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The Real Cause Of The Civil War

The Real Cause Of The Civil War

by Jack L. Pennington

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The Civil War that so devastated the United States began a century and a half ago; even so, people continue to disagree on why the North and South went to war.

By examining President Abraham Lincoln's speeches, along with those of other politicians during the time period, it is possible to identify historical misrepresentations and distortions that have


The Civil War that so devastated the United States began a century and a half ago; even so, people continue to disagree on why the North and South went to war.

By examining President Abraham Lincoln's speeches, along with those of other politicians during the time period, it is possible to identify historical misrepresentations and distortions that have made their way into textbooks.

Author Jack Pennington, a historian and retired school teacher, seeks to answer three main questions:

• Were the lives of the blacks in the South better off following the war and Reconstruction?
• Are blacks still suffering from the remnants of Jim Crow laws?
• Would the natural time eradication of slavery, as predicted by Lincoln, Jefferson Davis, and other leading figures, have been more effective in bringing about equality and racial tolerance?

Discover the true nature of Lincoln's actions and his primary motivations, and explore the politics and attitudes that led the North and South to split. Pennington seeks to explore the truth behind common misconceptions and illuminate The Real Cause of the Civil War.

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By Jack L. Pennington

iUniverse, Inc.

Copyright © 2011 Jack L. Pennington
All right reserved.

ISBN: 978-1-4620-6561-5

Chapter One


Lincoln was a member of the Whig Party and served a single term in Congress in 1847-49. This was at the time of the Mexican War, and Lincoln was famous for what became known as the "spot" resolutions in which he called on President Polk to come before Congress and show where American blood was shed on American soil.

After serving one term in Congress, Lincoln returned to his law practice in Springfield. Lincoln's opposition to the Kansas Nebraska Act brought him back into politics. This begins the period where I will look at Lincoln's views on the basic issues that led either directly or indirectly to the Civil War.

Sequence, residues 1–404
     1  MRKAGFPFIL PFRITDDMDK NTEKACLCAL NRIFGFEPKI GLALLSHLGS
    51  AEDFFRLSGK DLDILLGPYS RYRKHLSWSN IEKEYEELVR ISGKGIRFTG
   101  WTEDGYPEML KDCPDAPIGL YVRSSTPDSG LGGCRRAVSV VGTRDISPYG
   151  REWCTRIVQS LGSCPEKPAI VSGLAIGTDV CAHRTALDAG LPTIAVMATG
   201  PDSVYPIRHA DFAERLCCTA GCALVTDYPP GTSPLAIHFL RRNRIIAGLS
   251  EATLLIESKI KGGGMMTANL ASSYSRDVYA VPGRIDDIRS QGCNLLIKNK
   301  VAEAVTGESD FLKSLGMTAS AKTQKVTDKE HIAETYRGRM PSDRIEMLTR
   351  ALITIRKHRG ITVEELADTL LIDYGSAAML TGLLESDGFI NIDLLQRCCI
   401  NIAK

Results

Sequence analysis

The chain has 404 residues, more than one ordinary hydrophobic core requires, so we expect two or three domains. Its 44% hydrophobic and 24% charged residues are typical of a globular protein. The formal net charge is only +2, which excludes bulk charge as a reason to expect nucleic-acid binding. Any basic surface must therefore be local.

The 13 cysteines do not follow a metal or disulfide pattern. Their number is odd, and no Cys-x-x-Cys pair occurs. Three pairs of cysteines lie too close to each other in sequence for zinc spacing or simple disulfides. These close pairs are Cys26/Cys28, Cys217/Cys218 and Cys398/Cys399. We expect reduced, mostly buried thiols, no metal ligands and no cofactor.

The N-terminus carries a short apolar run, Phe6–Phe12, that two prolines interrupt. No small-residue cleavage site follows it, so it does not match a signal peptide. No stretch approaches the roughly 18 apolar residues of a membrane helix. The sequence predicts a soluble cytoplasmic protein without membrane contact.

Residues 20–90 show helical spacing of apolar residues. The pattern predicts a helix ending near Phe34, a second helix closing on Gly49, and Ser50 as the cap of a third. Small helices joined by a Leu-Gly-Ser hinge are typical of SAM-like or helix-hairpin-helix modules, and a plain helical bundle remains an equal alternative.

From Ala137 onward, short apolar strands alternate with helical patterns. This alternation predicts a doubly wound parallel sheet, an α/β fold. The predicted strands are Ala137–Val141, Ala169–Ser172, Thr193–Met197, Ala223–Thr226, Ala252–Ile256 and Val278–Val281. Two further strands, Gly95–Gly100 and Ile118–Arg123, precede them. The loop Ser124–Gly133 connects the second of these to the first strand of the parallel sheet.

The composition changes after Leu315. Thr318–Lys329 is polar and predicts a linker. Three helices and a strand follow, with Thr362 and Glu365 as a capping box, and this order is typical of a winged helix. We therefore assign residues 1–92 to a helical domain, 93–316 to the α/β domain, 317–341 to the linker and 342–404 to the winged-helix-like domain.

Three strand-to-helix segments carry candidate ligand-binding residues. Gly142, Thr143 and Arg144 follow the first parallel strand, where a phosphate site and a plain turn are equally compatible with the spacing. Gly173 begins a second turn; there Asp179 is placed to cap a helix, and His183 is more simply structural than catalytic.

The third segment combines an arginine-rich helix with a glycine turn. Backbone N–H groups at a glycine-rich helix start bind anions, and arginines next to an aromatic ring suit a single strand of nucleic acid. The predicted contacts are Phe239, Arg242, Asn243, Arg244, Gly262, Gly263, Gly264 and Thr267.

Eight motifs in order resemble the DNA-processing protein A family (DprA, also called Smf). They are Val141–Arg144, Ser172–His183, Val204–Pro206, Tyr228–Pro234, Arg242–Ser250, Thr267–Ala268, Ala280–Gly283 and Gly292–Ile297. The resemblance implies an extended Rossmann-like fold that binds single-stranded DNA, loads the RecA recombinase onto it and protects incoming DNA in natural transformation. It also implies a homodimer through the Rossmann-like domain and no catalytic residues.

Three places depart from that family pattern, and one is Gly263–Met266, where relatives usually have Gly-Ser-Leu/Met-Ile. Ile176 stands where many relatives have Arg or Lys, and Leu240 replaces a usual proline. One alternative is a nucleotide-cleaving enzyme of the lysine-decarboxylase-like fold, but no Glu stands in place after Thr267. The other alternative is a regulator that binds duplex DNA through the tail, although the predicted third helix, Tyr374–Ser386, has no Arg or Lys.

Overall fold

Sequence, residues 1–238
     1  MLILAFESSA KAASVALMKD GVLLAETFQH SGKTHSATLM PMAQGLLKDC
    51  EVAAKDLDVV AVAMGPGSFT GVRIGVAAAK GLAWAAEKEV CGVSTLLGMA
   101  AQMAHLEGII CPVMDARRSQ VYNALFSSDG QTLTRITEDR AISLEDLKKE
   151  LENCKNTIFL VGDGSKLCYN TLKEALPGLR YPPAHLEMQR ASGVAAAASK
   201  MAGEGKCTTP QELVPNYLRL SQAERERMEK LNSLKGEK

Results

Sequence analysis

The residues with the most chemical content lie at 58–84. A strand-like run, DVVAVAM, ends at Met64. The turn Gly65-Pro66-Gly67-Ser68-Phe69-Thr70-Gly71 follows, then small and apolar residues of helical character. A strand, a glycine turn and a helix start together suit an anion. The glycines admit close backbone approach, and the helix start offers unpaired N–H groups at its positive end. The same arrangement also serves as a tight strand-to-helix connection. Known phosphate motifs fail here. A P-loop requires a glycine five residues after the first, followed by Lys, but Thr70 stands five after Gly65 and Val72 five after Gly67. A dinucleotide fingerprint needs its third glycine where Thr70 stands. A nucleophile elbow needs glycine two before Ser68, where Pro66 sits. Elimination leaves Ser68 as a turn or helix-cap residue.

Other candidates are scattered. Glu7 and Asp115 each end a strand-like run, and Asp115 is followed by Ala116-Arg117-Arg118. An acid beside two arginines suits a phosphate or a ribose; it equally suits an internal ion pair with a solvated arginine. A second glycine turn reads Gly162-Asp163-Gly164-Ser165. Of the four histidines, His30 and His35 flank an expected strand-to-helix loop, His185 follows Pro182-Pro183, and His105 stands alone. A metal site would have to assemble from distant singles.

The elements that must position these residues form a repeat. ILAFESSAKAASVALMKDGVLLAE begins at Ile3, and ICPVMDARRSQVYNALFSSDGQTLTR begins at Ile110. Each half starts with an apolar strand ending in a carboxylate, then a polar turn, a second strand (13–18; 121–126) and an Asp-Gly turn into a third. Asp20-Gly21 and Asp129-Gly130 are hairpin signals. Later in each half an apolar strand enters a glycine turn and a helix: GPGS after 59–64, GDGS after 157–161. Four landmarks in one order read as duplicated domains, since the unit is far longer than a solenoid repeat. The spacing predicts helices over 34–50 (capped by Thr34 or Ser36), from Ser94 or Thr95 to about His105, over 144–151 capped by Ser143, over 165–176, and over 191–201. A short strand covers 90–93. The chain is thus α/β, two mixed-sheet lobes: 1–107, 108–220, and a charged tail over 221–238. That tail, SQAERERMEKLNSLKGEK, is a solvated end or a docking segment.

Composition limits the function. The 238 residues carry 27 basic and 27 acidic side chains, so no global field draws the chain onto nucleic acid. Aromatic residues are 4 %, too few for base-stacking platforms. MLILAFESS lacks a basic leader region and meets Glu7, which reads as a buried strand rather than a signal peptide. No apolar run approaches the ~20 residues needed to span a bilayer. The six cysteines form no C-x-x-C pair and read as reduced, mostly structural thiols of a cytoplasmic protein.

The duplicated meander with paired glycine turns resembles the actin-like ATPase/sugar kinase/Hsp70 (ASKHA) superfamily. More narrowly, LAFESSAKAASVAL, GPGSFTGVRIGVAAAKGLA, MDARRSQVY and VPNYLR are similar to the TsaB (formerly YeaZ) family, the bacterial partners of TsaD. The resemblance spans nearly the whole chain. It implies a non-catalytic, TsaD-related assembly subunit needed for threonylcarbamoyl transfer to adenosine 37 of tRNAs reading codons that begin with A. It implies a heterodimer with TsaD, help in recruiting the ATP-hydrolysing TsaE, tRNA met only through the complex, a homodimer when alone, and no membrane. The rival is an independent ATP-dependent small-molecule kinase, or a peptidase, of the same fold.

Lincoln was an adroit politician, and one cannot help recognize how adept he was in using presentations that were specious, metaphorical, and often they were abstract and non-sequitur. He was an expert at playing on the fears of his audience. The divided feelings brought about by the Kansas-Nebraska Act created splits in both the Whig and Democrat Party. It caused the demise of the Whig Party and a Northern and Southern divide in the Democrat Party. The breakup of the Whig Party brought on the formation of the Republican Party. Lincoln became a member of that party. John C. Fremont was their first presidential candidate in the election of 1856. He made a respectable showing, but James Buchanan the Democrat candidate received the necessary electoral votes to be President.

The Northwest Ordinance, the Declaration of Independence, and the Constitution were interpreted by Lincoln to express his views and supposedly blend them with those of the founding fathers. He said the Northwest Ordinance showed that Congress could pass acts preventing the extension of slavery; the Declaration of Independence represented and was meant to include the essential rights of blacks; and the Constitution gave the Union government power over the states. The states, according to Lincoln, had agreed to the Constitution and joined the Union, so they had no right to secede. Lincoln felt that secession constituted a rebellion, and that the central government had not only the right but the obligation to prevent it.